I don’t think it’s realistic to talk about money without addressing the power it holds. There is a reason why poverty begets violence. Money is about resources, survival and livelihood. Our most primal instincts are awakened when money is at play. Access to money and other resources that only money can provide can determine access to everything else in life such as the quality of education, health care, customer service (Nordstrom v. Walmart), etc. There is a lot of power in money at a societal level and we know it. However, we don’t spend enough time discussing the role money plays at the lowest levels relative to womanhood.

One of the greatest power dynamic that exists is the one between men and women. Given the importance of money in society, it is not surprising that there are constant discussions about how men and women use money, who should pay for what and of course who should manage it. Some people of both genders see women as frivolous spenders. We are split on who should pay. And because of point 1, some people think that the male 1/2 of the household should manage the funds of the married/cohabiting couple.

Personally, I think these are all small minded perceptions of money management. While I married a very fiscally responsible person, there is no one with tighter hold on a purse strings like me. I am also very organized and unlike most people (male or female), spreadsheets excite me. To apply that tired sexist and unfunny joke to me that I’m bad with money like most women is insulting. Plenty of women are good with money. Some of us are great savers because we are disciplined, others went to business school and understand financial markets well, some others are single mothers who know how to make a dollar out of 50 cents.

Sure, I can rant about negative stereotypes on the internet, but how can I complain when I mostly run the finances in my house? The problem is that this is not the reality for many women. Financial bullying is a thing. Many abusers, knowing the power of money or how crippling the lack of it can be, use it as a tool for control. I know of women who hide their purchases in their car for many months so the husband does not catch wind of their extracurricular mall activities. These are the women who are often chastised for going over budget yet are only able to access the bare minimum to keep the household running. They may even be provided less than the minimum but are required to ask their husbands for additional funds if they need anything else.

This is where the “allowance” comes in. Having an allowance in itself does not have to be problematic. The issue usually arises when the person who dictates the allowance is somehow not restricted by any artificial limits on their own discretionary spending. This unequal treatment is often the stepping stone to all other financial abuses that the nonworking or lower earning spouse will eventually experience.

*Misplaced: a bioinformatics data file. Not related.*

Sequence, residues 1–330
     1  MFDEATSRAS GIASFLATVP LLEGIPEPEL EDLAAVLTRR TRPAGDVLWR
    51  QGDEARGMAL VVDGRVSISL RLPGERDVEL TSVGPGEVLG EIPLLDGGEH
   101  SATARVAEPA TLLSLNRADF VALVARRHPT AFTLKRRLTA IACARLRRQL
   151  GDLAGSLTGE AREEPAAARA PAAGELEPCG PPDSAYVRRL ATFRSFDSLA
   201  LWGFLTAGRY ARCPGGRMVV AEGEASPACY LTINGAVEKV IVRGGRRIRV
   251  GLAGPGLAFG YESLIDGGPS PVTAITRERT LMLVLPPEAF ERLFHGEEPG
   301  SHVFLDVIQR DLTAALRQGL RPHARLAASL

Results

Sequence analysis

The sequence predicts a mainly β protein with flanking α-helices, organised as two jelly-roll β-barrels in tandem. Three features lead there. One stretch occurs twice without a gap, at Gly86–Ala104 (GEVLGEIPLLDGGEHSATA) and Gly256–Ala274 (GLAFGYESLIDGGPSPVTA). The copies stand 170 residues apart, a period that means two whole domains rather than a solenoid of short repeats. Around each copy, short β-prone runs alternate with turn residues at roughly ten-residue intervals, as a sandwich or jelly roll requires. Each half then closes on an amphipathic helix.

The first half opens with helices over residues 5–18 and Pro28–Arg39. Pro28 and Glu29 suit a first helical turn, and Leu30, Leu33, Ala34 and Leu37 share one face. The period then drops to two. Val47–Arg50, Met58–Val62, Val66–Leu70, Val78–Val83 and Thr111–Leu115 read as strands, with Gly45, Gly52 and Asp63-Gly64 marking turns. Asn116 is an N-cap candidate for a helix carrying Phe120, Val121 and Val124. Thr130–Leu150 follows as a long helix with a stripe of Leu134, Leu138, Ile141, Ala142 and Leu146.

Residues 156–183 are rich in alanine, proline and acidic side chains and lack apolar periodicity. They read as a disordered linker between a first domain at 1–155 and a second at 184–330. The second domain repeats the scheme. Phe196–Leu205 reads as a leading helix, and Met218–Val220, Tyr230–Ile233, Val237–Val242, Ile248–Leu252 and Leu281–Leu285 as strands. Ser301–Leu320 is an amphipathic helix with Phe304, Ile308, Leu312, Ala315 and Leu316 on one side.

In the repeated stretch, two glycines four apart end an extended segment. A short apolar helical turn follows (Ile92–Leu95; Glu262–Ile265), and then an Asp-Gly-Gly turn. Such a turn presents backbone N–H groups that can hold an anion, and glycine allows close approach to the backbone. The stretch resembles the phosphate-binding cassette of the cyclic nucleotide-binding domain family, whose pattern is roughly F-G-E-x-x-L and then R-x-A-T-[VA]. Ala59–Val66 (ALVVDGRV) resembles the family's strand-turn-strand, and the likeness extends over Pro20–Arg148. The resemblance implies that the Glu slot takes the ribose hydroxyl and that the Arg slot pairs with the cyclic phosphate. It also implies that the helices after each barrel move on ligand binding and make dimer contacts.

Finally, we can always expect the money bully to make a last ditch effort at retaining his power: limiting your earning potential. Many times, an abusive partner who wants to keep controlling your money may prevent you from working or sabotage your opportunities by jeopardizing your work or even demanding that you reduce your hours.

These are all the reasons why I advocate that women make a serious effort to be financially independent when they enter a relationship. Although people may not always show their ugly side early in on, it helps establish certain expectations and a financially independent woman may even be a turn off to an abusive, controlling, financially bullying man. I understand that financial independence is not realistic for most. Education, child care, mere access to employment are all factors. But, from what I’ve witnessed and the dangerous situations that women have placed themselves in because of lack resources, even a part-time minimum wage job is better than having to ask your abuser for $40 for gas just to be able to leave him.

I have volunteered at a shelter for battered women where, in order to control capacity, the maximum stay  was 2 weeks. Many of the women ended up moving back with their abusers because the alternative to the occasional black eye was homelessness in the harsh New England winter. These are situations that make me grateful, not only for a supportive husband, but for my financial know-how, and my earning potential in case he were to ever become less than the man I expect him to be. For some women, employability and financial stability are a matter of life and death.